Also there is a hint of revolution brewing, but never takes place. In fact, the story meanders quite a lot until the very end. It seems to have no real direction jumping back and forth between the lives of these seven characters. If not for the fully realized crazy world, this would be boring. Also you know how it was mentioned earlier, that there are no real laws. This mean pedophilia is also legal. And there is this awful scene where a bright eyed adorable innocent little eleven year old boy is legally married off to a thirty something year old man by his grandfather for the sake of the company. Thankfully nothing happens and he escapes with his mother. But it is shocking scene that shows some of the darkest corners of a world like this. And it may serve purpose, proving a point in case for the revolution and overthrowing the powers later on. This is being hinted at, but that scene made me squirm and feel gross. I almost put the book down for good and am surprised I finally decided to return to it to trust the author that he must have a reason for including something so disgusting in this book. But I feel a lot of people will not proceed once this plot element is revealed. It is very a very sickening element, I think a lot of people will not be able to look past.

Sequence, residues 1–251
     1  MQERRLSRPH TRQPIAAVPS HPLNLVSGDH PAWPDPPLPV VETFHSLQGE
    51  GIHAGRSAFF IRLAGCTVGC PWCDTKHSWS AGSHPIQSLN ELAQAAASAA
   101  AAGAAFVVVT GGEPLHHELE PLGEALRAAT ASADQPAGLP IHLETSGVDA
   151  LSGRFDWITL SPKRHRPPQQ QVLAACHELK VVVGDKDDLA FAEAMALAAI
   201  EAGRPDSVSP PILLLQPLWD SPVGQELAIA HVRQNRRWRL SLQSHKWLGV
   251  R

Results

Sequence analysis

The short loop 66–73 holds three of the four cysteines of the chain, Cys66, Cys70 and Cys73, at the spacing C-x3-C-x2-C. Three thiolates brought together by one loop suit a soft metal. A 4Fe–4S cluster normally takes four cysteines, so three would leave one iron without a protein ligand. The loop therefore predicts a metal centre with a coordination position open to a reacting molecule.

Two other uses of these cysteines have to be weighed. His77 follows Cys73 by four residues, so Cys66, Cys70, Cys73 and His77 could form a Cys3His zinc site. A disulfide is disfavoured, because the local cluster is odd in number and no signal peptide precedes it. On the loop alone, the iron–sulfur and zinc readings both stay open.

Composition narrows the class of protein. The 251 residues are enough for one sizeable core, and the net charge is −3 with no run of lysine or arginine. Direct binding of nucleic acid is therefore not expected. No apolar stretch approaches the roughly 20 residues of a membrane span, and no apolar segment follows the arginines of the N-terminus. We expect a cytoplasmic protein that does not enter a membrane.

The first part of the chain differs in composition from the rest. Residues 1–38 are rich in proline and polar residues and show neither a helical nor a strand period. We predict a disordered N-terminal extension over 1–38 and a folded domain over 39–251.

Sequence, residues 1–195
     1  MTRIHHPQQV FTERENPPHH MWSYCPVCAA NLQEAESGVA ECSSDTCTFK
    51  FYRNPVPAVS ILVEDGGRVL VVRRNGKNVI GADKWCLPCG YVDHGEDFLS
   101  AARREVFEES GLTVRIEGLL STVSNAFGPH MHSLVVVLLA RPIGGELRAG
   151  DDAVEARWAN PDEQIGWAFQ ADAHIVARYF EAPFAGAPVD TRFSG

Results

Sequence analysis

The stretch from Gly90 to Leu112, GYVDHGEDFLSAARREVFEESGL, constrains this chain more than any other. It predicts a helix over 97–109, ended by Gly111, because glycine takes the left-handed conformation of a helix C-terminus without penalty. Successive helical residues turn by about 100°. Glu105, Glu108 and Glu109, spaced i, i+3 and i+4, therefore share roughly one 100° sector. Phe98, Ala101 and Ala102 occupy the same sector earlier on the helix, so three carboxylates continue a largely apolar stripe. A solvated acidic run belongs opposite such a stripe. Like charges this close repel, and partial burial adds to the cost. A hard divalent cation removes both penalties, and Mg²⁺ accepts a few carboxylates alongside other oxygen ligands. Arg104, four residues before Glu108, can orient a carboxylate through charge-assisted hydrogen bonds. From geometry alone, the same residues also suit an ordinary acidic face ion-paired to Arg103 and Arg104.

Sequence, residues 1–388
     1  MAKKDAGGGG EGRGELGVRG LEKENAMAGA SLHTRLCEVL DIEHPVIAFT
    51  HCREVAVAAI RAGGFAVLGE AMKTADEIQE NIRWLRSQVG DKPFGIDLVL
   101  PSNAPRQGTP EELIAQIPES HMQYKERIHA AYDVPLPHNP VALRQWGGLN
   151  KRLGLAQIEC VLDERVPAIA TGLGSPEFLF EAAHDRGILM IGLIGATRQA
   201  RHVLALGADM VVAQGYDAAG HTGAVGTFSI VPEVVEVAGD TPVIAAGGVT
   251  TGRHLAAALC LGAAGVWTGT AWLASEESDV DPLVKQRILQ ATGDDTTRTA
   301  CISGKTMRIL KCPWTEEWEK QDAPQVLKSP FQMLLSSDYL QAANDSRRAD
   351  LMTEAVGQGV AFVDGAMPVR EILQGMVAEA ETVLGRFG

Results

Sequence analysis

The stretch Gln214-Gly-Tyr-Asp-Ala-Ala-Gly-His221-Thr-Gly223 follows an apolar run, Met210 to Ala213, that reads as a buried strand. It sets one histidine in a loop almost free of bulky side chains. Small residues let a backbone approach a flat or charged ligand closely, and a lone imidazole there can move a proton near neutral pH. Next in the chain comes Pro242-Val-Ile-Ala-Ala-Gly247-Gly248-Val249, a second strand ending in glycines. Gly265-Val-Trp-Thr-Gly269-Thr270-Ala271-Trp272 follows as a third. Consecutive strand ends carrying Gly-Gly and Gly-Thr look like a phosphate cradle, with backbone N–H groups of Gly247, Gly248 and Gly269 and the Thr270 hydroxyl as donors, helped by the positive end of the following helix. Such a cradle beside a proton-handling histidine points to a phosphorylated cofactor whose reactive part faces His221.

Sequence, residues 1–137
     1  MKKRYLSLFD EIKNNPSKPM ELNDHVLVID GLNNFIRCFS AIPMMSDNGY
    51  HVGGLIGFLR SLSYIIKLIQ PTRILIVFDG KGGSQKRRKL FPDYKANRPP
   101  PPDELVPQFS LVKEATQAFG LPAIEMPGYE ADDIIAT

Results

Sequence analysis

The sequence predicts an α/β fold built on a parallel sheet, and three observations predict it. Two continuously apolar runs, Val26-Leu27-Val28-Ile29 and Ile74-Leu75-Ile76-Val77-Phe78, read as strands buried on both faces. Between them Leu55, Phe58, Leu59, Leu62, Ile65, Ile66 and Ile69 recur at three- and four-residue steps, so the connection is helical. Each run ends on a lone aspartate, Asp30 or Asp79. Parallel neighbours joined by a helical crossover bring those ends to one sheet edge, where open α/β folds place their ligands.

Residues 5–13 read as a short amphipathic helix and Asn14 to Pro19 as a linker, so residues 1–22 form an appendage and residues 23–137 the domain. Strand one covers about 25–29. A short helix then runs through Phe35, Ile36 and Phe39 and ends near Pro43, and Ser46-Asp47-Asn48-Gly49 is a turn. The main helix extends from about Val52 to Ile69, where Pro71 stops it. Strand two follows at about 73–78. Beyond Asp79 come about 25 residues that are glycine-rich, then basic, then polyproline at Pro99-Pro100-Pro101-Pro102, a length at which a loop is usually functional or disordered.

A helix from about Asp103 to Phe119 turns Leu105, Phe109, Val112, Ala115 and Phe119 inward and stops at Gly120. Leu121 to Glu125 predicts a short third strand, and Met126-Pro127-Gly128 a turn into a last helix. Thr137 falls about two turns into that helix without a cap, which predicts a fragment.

Overall, this book centers on a cruel and fascinating world. The imagination alone makes it worth reading. But unfortunately the story is pulled down by unlikable characters and the darker layers of this world may be too dark for many readers. Some of it was too dark for me. To be honest, by the end I was ready to board a rocket and leave the moon for good. But I won’t regret reading it and I can’t tell others not to read it. There are things in this book so unique and imaginative that you can’t find anywhere else. So I recommend it, but be prepared for what other elements to expect out of this novel. It’s a mix of good and bad and I feel the good outweighs the bad. So if this sounds like your thing, you know who you are, then check it out.

2 smoothies out of four.

Overall Rating: A Fascinating Yet Cruel World of the Moon.